Click here to visit her beautiful collection of antique jewels

Caring for your diamonds and antique diamond jewelry

A. Protecting your antique jewellery.
Even when stored, precious jewellery needs special care. Jewellery should be kept in a fabric lined jewel case or a box with compartments or dividers.
If placed in one box, each piece should be wrapped in tissue paper because a diamond can scratch and damage other diamonds.

Though most people wear a ring all a day, however there  are occasions when it should be removed:

Do not wear a ring while doing rough work. Even a diamond is durable, it can also be chipped by a very hard blow.

High temperatures can ruin jewellery and care must be taken during soldering.

Organic material like pearls, corals, cameos etc. can be damaged by acids, alcohol (including perfume) and skin creams.

Diamond Jewellery should not come in contact with chlorine bleach because it can pit and discolour the mounting.

A jeweller should check the ring once a year for loose stones and wear of the mounting. He can also clean the ring professionally

B. Cleaning your antique jewellery.

Once you have selected your piece of jewellery it is necessary to take good care in order to make it last a lifetime. Although nature invests millions of years of heat and pressure to crystallise a single diamond it is still imperative to take constant care in order to keep them at their brilliant best. A clean stone not only reflects light better, but actually looks bigger than one that’s been dulled by skin oils and cosmetics. To keep their fire at its brightest set jewellery should be cleaned once a month. Use one of the following methods:

Please note that:
Foiled-back set stones should never be immersed in any liquid.
Organic materials can only be immersed in luke warm water and certainly not alcohol and acids.

In most cases (even for organic materials), you can use one of the following methods, but be on the safe side and check with your expert.

  • The Detergent Bath. Prepare a small bowl of warm sudsy water with any of the mild liquid detergents used at home. Brush the pieces with a small soft brush, for instance a toothbrush, while they are in the suds, then rinse under warm running water. Pat dry with a soft lint free cloth.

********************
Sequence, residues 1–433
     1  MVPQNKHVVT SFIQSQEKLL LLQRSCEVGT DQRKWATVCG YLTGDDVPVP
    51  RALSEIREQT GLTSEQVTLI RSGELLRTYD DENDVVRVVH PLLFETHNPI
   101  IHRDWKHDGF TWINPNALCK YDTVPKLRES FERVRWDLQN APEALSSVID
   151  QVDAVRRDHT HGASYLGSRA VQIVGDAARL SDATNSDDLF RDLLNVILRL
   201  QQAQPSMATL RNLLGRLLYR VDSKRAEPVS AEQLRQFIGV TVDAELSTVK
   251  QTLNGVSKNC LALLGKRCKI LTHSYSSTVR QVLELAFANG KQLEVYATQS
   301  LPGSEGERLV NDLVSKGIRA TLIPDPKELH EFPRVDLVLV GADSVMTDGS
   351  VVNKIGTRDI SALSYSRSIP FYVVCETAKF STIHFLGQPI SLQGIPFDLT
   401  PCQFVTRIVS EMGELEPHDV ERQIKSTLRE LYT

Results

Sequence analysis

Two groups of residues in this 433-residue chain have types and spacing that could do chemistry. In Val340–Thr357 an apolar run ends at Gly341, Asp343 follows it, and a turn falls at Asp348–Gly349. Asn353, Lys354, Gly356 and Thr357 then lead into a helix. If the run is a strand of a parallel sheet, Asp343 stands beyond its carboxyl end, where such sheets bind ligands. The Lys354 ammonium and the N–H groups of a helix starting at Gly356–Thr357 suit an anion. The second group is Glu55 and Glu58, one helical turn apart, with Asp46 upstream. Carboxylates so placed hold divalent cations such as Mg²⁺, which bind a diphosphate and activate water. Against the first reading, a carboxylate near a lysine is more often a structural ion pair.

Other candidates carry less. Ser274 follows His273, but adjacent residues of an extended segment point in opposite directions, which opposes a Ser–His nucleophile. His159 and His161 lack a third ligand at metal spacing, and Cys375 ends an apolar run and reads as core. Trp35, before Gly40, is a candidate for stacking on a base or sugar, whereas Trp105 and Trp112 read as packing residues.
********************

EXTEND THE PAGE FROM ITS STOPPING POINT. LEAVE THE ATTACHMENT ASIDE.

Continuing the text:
• The Cold Water Soak : Soak the jewellery in a half and half solution of cold water and household ammonia for 30 minutes. Lift out and gently tap around the front and back of the mounting with a small soft brush. Swish in the solution a second time, rinse and drain on tissue paper.

 

  • The Quick Dip Method : Buy one of the brand name liquid Jewellery cleaning kits now available in the market and follow the instructions.

Why do I love antique jewelry?

One of the main advantages of collecting antique jewellery, as opposed to other works of art, is in fact that it can still be worn, and so put to its original use of decorating and complimenting fashion and beauty. some people enjoy collecting jewels for historical and academic interest, but it is also a fascinating challenge to choose jewels from a past age which will still flatter modern clothes and, at the same time, add the inimitable touch of old charm, a glimpse of another society, remote in customs, values, beliefs.

Antique Russian gold bracelet malachite pearls

Antique Russian gold bracelet malachite pearls

Antique Russian gold bracelet malachite pearls

Top quality antique gold Russian articulated bracelet with seven high domed malachite stones elements pierced with floral patterns, gold balls, stars and seven seed pearls. Moving parts are invisible with fine gold wire work. The bracelet closes perfectly with a gold closure and a security chain.

click for details

 

Vernier, famous French medaillist

E. Vernier is a famous French medaillist, that was one of the foremen of the revival of the medaillist art in France around 1886. He was also a collaborator of Falize (other famous French jeweller) and awarded the prestigious “Medal of Honor at the Salon”.

A similar pin is depicted in the famous “jewelry bible” by Henri Vever “French Jewelry of the Nineteenth Century” in the English translation on page 1048.